Our obsession with hardware is here to stay — don’t expect an apology for it anytime soon. We’ll be the first to admit, though, that even the right headphones, speakers and amps are only as good as the source material you play through them. Garbage in, garbage out. The solution? Get more out of the tunes you love by upgrading your music library.
Focus on Format
Paying attention to the format of your music is one of the easiest ways to immediately improve your listening experience. You could waste years of your life wading into the audiophile debate over CDs v. vinyl, and that’s before injecting niche offerings like DVD Audio, Blu-Ray Audio, and Super Audio CDs (SACD) or truly fringe formats like reel-to-reel tape (yes, tape) players into the mix. Each side has its merits, but any option on that list is a vast improvement in quality over the standard “lossy” MP3s left over from Napster clogging up your iTunes library.
The good news is that a variety of so-called “lossless” digital formats provide a far better listening experience with most if not all of the convenience of playing an MP3. WAV and AIFF files, for instance, are technically exact copies of the original source audio and are not compressed from a file size standpoint in any way. Trying to choose between the two? There’s no difference in sound. AIFF just happens to be a format pushed by Apple while WAV files are more universal. Audiophiles are attracted to the “exact” nature of these digital copies, but their large uncompressed file sizes aren’t a requirement for premium sound; unless you plan on springing for some external storage, it’s worth looking at alternatives.
Other formats such as FLAC (Free Lossless Audio Codec), ALAS (Apple Lossless Audio Codec), WMA Lossless (Windows Media Audio Lossless) and APE (formerly Monkey’s Audio) are also technically lossless and bit perfect in terms of their audio content. This provides the digital equivalent of CD-quality audio, or, in special cases, “Studio Master Quality” (tired of terms yet?). Thanks to data compression, though, their file size footprint is roughly half that of WAV or AIFF, but still about six times the size of an MP3. A good rule of thumb is for every 3 CDs worth of FLAC or ALAC files you’ll need about a gigabyte of hard drive space.
Step Up the Quality
Directly ripping CDs into FLAC files is one of the easiest ways to upgrade your digital music library. iTunes makes it cake, so long as you stick with Apple’s own formats (ALAC instead of FLAC). Otherwise, online retailers such as HDtracks, Bleep and Linn Records offer high quality audio formats to download for around the price you’d pay for a lower quality MP3 version. Too many CDs and too little time? Consider using a service like Murfie: send them your CDs, tell them what format you want and they’ll store or make them available for you to download your collection.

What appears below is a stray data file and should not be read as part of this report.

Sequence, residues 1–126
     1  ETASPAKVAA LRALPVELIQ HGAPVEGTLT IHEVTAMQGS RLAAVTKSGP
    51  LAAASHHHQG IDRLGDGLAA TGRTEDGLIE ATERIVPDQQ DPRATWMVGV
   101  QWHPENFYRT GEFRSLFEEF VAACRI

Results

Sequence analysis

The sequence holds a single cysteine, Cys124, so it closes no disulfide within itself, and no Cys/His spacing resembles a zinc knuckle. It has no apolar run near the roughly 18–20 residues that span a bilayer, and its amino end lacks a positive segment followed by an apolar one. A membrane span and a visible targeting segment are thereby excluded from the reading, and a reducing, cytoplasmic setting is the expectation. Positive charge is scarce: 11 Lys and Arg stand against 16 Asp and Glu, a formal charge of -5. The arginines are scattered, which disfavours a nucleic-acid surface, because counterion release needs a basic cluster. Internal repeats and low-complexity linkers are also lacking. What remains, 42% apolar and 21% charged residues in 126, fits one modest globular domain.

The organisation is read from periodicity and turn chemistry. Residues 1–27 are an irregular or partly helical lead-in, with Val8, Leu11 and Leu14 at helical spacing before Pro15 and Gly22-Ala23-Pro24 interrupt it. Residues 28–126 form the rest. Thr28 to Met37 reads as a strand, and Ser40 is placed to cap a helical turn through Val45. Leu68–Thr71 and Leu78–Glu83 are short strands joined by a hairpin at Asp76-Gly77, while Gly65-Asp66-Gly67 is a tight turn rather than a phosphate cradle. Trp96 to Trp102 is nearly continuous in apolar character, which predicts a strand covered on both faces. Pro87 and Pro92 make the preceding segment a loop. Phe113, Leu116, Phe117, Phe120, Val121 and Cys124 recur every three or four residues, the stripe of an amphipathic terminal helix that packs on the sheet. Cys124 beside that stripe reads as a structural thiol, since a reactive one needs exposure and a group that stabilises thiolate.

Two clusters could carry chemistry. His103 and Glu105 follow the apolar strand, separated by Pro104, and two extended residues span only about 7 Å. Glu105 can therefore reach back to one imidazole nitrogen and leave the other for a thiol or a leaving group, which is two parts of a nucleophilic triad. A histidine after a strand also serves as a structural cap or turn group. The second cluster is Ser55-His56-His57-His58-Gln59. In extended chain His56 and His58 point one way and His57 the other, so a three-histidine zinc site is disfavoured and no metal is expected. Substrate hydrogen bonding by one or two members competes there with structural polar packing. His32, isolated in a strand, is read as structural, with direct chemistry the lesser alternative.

Unfortunately, making the leap to premium audio also involves using specialty software, since iTunes and iOS do not support FLAC as a format. Mac users can employ a free open source program called Fluke to allow their FLAC content to play inside iTunes. Likewise, you’ll have to use apps for iOS like VLC Player, Dan Leehr’s bluntly titled FLAC Player or Onkyo’s HF Player for FLAC playback on your iPhone or iPod. Since version 3.1, Android includes native FLAC support, making the transition slightly easier for Google fanboys.
A few audiophile streaming services also exist, such as the France-based Qobuz, which offers 16-bit/44.1kHz FLAC-quality streaming for roughly double the cost of a Spotify subscription. Although interesting, these options are new without a long proven track record. We’d recommend waiting if you live stateside.
But even if you can’t be bothered with making the jump to lossless, focusing on listening to higher quality 320 kbps songs can still make a huge difference. Spotify gives premium subscribers the option of streaming at this quality — all that’s required is a quick settings change, which you can learn about here.
With the launch of iTunes Match, Apple also introduced a way for users to upgrade all of their MP3s to a minimum of 256Kbps with nice and tidy metadata. It takes some time and you’ll need to pay for a subscription to iTunes Match to accomplish it, but if you’re interested in taking the leap, check out Macworld’s tutorial for details.
The Loudness Wars